Being wary of success

When we don’t meet our expectations or the targets we set to achieve; we are often told to take solace in the fact that failures are a stepping stone for success. We are reminded to introspect ourselves and find out where we went wrong so that we would not repeat the same mistakes again.

However, our successes are always met with adulation and praise and we are made to feel that we have done everything right. As a result, we often fail to introspect and ignore the role of chance that might have played a part in our success. Rarely do people ask us to introspect when we surpass their expectations. 

Consider India’s recent Champions trophy triumph. We only talk about how well India played  in the tournament and how they deserved to win the cup. But it was actually a couple of minutes of  English self destruction in the final that gifted India the cup. Of course, they did play well to get to the final but on another day India could have been on the losing side and we would immediately find a host of reasons for their loss. But for us a victory overshadows all the small mistakes which (un)fortunately did not have to play a major role.

The major reason why we dont ask others to introspect in their moment of glory is that we are bothered only about the final result and not the process leading to that outcome. We dont ask a kid who gets a perfect score on his class test, if he had skipped certain portions but was lucky not to see them on his test paper. A full score means he is a prodigy: No further questions please.

Another reason is that we are afraid to ask someone to take some time to think about his success. We feel that it would roughly translate into something like “Sorry pal, you dont deserve this. You were very lucky” which project us as a jealous person.

In the end, it is upon us to ensure that we don’t overestimate our capabilities or underestimate the role of chance since it is a failure to introspect after a success which often causes our next defeat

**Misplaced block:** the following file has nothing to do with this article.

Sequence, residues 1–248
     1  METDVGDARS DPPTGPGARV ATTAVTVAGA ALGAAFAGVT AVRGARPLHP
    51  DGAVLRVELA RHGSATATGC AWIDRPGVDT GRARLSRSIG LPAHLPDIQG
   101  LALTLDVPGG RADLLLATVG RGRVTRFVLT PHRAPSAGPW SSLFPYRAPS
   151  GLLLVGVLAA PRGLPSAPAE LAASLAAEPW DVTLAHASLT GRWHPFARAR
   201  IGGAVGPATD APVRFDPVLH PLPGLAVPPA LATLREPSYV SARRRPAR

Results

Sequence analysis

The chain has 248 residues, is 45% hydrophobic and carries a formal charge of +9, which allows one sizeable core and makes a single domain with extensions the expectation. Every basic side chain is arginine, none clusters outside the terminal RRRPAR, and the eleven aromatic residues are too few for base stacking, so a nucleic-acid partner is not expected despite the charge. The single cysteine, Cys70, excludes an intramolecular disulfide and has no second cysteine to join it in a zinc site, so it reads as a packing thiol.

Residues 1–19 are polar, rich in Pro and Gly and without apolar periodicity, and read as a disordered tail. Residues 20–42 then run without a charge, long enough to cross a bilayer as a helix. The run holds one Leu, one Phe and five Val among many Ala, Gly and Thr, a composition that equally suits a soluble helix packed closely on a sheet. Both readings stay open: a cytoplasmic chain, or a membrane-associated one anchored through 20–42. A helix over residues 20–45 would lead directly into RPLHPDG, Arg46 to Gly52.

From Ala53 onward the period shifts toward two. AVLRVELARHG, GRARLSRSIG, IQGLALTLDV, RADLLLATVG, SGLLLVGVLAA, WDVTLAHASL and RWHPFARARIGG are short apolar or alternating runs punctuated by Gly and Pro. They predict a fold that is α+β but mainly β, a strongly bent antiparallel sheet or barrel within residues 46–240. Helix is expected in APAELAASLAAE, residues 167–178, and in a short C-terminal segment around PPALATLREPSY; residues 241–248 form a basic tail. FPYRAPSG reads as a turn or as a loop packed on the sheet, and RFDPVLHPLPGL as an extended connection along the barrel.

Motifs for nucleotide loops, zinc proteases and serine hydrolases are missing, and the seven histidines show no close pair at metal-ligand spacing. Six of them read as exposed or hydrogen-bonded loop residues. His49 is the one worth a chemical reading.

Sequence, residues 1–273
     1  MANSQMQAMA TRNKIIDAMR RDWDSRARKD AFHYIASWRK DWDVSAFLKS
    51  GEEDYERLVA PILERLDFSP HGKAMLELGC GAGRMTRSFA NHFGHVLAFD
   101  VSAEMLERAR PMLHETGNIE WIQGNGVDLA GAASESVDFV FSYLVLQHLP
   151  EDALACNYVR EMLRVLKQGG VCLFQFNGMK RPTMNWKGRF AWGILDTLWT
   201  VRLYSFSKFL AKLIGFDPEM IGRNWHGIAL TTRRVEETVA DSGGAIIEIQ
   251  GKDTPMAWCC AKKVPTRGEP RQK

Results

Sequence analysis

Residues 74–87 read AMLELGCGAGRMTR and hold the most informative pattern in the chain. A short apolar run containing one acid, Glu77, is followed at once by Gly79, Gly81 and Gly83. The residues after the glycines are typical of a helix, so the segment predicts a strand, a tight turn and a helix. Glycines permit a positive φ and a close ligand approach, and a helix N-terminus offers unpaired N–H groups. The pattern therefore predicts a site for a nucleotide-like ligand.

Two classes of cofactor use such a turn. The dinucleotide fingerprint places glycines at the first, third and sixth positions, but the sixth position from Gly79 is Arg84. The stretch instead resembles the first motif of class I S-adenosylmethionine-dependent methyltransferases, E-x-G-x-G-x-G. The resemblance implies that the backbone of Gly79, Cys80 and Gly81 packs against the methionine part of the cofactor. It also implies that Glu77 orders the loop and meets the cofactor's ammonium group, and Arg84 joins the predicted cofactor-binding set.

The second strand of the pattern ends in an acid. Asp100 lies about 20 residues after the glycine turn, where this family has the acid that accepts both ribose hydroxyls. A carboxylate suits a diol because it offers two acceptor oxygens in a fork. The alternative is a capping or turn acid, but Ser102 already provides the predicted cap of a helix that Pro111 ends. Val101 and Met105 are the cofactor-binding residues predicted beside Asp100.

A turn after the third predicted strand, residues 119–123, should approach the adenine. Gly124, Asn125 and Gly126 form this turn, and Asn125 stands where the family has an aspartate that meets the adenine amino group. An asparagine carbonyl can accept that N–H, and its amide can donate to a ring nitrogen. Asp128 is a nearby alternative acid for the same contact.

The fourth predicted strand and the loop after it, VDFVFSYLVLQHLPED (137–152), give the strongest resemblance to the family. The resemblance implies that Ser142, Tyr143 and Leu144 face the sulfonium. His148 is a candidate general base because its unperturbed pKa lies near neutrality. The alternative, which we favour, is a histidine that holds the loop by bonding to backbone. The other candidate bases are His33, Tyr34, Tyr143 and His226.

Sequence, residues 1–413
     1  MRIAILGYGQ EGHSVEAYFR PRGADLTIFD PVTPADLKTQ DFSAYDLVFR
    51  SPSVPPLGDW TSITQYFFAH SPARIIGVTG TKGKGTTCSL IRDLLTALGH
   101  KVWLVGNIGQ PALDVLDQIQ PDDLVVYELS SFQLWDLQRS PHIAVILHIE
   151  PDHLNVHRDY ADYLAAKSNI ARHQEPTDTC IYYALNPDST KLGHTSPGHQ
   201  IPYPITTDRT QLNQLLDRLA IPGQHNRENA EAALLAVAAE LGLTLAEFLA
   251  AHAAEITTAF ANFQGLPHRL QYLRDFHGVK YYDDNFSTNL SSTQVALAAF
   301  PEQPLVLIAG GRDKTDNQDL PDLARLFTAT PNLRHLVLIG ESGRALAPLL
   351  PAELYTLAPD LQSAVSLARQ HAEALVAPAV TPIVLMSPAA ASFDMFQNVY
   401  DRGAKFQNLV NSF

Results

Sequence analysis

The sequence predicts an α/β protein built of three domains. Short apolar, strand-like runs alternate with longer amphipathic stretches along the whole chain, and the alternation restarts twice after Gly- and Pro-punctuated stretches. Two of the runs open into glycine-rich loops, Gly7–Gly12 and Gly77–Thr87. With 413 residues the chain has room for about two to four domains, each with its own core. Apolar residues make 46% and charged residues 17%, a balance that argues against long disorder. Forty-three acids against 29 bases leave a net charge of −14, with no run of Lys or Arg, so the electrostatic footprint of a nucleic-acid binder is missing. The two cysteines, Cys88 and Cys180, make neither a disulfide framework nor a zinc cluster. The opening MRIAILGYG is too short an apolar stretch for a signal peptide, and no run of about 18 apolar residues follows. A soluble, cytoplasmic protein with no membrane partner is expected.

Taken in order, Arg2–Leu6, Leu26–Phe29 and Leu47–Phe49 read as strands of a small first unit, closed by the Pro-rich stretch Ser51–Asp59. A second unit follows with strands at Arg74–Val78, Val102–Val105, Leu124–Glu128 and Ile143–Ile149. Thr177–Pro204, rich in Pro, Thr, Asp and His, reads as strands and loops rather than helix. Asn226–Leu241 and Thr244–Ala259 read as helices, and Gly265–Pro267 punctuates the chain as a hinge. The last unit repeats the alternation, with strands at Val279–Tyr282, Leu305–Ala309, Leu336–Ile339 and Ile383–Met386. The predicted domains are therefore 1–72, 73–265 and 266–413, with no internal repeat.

Does ‘failure’ really exist?

What exactly is ‘failure’? Most dictionaries define failure as the lack of success. We define success. It is a goal which we wish to achieve. It could be getting a centum in the math exam or following a strict diet. So, when we do not achieve these self-defined goals, we say that we have failed in our task.

Let us take the examples of two students ‘A’ and ‘B’. Both are appearing for the same exam with different aims and different levels of preparation.

Lets say that ‘B’ is aiming to pass. He  has studied 40 percent of the syllabus and has practiced all possible types of questions related to that portion to make sure that he doesn’t face a new problem related to that 40 percent of the syllabus in the exam. In the end he scores 40, the number required to pass. ‘A’ believes that he has studied everything and is aiming for a perfect score. ‘A’ has practiced like ‘B’ covering almost the entire syllabus but he is not as comfortable with one chapter which leads to the loss of 3 marks. So although ‘A’ might take solace from being the topper, he has failed in his goal which was to score 100, while B has succeeded in achieving his goal of passing.

Clearly, ‘B’ has made sure that he would not fail while ‘A’ had jeopardized his chances of getting a perfect score by not preparing as hard on one chapter as he did for the others.

Before setting out to achieve our goals we often believe that we have met the prerequisite conditions to achieve it but may later end up failing. This is because those prerequisite conditions are set by us. Have we really included the solutions to all possible difficulties in it like the student ‘B’? If we haven’t done so we mostly end up ‘ failing’.( I say ‘mostly’ because you never know when lady luck can hit you )

So if we have met all those prerequisite conditions where is the question of failure?  If we make every single adjustment and be prepared for all the difficulties which may arise during our quest to achieve that goal, we will never fail. But if we have not met those prerequisite conditions, then is it fair to expect to succeed? Shouldn’t the student ‘A’ be expecting to score 97 instead of 100?

What I’m trying to say is that ‘Failure’ is a type of perception. It arises when there is a mismatch  between our definition of success and our level of preparation. For when we have not prepared ourselves entirely, we may not succeed as we haven’t achieved the goal set by us, but we do achieve something which is proportional to our level of preparation. If the student ‘A’ had aims of scoring 97, he would have succeeded as his definition of success and his level of preparation would have matched.

So when a person believes that he has ‘failed’, it actually means that he has succeeded with some other definition of success and not the one he wished for.

(P.S- This is a very complex philosophical post where I have tried my best to express my belief. You may not understand this post or disagree with me. In any case, please do leave a comment. )